3D Map Of The Universe Is the Most Complete To Date

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T.H. Jarrett (IPAC/SSC)

Feast your eyes on the universe.

Astronomers at the Harvard-Smithsonian Center for Astrophysics released the most complete 3D map of the universe ever created. The map, called the 2MASS Redshift Survey, spans a distance of 380 million light years, and took over ten years to complete.

Scientists collected data for the map by scanning near-infrared light, the spectral region where interstellar dust is most transparent. The researchers discovered over 43,00 galaxies. The map is color coded so that the most distant galaxies are red, and nearby galaxies purple.

The scientists initially had a 2D image that did not account for distances, and so turned to redshift calculations to formulate a 3D image. The light from distant galaxies experiences redshift, an increase in wavelength, as a result of the expansion of the universe. Galaxies farther away have higher redshift, and so scientists can use these measurements to calculate galaxy distances.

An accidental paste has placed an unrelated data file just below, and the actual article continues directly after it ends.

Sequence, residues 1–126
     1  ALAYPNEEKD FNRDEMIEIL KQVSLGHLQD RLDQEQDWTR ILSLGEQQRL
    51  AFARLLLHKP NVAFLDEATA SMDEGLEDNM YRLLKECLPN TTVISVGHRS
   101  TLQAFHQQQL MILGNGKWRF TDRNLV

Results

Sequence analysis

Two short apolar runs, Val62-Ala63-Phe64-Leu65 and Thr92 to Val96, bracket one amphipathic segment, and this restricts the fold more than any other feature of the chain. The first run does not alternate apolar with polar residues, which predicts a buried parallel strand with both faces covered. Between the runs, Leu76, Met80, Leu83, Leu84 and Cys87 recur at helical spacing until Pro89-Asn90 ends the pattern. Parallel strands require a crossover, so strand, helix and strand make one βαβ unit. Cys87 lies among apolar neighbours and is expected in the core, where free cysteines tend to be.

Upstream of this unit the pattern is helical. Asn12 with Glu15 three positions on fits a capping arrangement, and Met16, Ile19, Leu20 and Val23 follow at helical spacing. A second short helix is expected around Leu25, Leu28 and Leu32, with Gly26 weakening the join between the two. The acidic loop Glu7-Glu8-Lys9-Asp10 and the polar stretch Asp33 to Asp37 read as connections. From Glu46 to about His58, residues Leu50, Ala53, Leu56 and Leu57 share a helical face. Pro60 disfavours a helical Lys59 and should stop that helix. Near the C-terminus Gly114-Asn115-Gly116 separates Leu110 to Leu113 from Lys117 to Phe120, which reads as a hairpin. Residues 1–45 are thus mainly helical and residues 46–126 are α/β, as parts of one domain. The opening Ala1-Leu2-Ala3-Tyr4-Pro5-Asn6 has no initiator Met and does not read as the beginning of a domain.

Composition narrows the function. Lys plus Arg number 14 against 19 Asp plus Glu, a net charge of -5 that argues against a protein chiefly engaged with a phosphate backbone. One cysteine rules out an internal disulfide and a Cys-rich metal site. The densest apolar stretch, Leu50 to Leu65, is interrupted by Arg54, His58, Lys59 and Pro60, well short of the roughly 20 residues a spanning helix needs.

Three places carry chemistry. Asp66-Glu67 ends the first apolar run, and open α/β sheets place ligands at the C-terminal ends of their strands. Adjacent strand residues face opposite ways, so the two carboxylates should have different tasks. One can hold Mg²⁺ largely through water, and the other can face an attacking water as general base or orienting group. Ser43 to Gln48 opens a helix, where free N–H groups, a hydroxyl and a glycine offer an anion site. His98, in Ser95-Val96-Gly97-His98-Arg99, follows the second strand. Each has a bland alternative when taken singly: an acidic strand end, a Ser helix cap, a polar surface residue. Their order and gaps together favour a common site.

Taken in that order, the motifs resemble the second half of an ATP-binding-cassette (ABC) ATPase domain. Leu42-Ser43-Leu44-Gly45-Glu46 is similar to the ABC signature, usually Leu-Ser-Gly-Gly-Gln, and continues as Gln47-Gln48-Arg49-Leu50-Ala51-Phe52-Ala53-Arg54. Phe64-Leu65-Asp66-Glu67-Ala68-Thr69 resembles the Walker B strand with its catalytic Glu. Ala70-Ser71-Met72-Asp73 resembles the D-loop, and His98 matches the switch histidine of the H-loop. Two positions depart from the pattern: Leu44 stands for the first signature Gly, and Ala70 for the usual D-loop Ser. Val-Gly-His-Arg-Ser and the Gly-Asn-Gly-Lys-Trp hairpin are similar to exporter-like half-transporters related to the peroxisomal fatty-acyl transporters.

The new map uncovered "massive local structures" in the Milky Way that had previously been hidden. Such information may help scientists understand better how the Milky Way moves in relation to the rest of the universe, a longstanding mystery. Find out more about the map here.

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